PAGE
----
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Sara H. Knox, Robert B. Jackson, Benjamin Poulter, Gavin McNicol, Etienne Fluet-Chouinard, Zhen Zhang, Gustaf Hugelius, Philippe Bousquet, Josep G. Canadell, Marielle Saunois, Dario Papale, Housen Chu, Trevor F. Keenan, Dennis Baldocchi, Margaret S. Torn, Ivan Mammarella, Carlo Trotta, Mika Aurela, Gil Bohrer, David I. Campbell, Alessandro Cescatti, Samuel Chamberlain, Jiquan Chen, Weinan Chen, Sigrid Dengel, Ankur R. Desai, Eugenie Euskirchen, Thomas Friborg, Daniele Gasbarra, Ignacio Goded, Mathias Goeckede, Martin Heimann, Manuel Helbig, Takashi Hirano, David Y. Hollinger, Hiroki Iwata, Minseok Kang, Janina Klatt, Ken W. Krauss, Lars Kutzbach, Annalea Lohila, Bhaskar Mitra, Timothy H. Morin, Mats B. Nilsson, Shuli Niu, Asko Noormets, Walter C. Oechel, Matthias Peichl, Olli Peltola, Michele L. Reba, Andrew D. Richardson, Benjamin R. K. Runkle, Youngryel Ryu, Torsten Sachs, Karina V. R. Schäfer, Hans Peter Schmid, Narasinha Shurpali, Oliver Sonnentag, Angela C. I. Tang, Masahito Ueyama, Rodrigo Vargas, Timo Vesala, Eric J. Ward, Lisamarie Windham-Myers, Georg Wohlfahrt, and Donatella Zona

Abstract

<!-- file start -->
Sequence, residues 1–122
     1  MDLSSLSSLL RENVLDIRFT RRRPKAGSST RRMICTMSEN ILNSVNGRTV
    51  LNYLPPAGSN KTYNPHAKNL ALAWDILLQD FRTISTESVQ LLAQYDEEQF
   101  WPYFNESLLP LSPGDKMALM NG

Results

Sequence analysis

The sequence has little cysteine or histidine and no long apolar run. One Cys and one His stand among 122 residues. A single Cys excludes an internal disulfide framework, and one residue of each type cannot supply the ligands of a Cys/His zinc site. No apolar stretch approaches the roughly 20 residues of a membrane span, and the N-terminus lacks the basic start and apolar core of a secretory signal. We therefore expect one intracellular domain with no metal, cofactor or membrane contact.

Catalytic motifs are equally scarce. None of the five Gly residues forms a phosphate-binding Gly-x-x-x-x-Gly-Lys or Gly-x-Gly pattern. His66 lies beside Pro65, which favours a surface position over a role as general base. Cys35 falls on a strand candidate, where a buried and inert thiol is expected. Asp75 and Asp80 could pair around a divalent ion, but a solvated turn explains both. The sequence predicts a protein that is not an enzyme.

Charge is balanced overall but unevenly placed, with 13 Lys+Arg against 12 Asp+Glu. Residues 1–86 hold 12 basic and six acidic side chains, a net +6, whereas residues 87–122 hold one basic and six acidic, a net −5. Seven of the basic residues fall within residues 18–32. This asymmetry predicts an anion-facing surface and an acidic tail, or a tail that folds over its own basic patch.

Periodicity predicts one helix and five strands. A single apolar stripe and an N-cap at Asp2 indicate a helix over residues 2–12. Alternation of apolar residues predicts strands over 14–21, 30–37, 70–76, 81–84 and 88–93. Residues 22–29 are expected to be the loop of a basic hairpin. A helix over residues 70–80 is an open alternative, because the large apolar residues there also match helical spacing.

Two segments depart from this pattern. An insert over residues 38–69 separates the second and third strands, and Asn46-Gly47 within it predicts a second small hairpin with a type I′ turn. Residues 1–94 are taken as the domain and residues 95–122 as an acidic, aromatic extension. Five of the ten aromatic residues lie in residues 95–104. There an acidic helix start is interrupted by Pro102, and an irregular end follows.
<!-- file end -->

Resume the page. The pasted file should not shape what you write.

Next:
This paper describes the formation of, and initial results for, a new FLUXNET coordination network for ecosystem-scale methane (CH4) measurements at 60 sites globally, organized by the Global Carbon Project in partnership with other initiatives and regional flux tower networks. The objectives of the effort are presented along with an overview of the coverage of eddy covariance (EC) CH4 flux measurements globally, initial results comparing CH4 fluxes across the sites, and future research directions and needs. Annual estimates of net CH4 fluxes across sites ranged from −0.2 ± 0.02 g C m–2 yr–1 for an upland forest site to 114.9 ± 13.4 g C m–2 yr–1 for an estuarine freshwater marsh, with fluxes exceeding 40 g C m–2 yr–1 at multiple sites. Average annual soil and air temperatures were found to be the strongest predictor of annual CH4 flux across wetland sites globally. Water table position was positively correlated with annual CH4 emissions, although only for wetland sites that were not consistently inundated throughout the year. The ratio of annual CH4 fluxes to ecosystem respiration increased significantly with mean site temperature. Uncertainties in annual CH4 estimates due to gap-filling and random errors were on average ±1.6 g C m–2 yr–1 at 95% confidence, with the relative error decreasing exponentially with increasing flux magnitude across sites. Through the analysis and synthesis of a growing EC CH4 flux database, the controls on ecosystem CH4 fluxes can be better understood, used to inform and validate Earth system models, and reconcile differences between land surface model- and atmospheric-based estimates of CH4 emissions.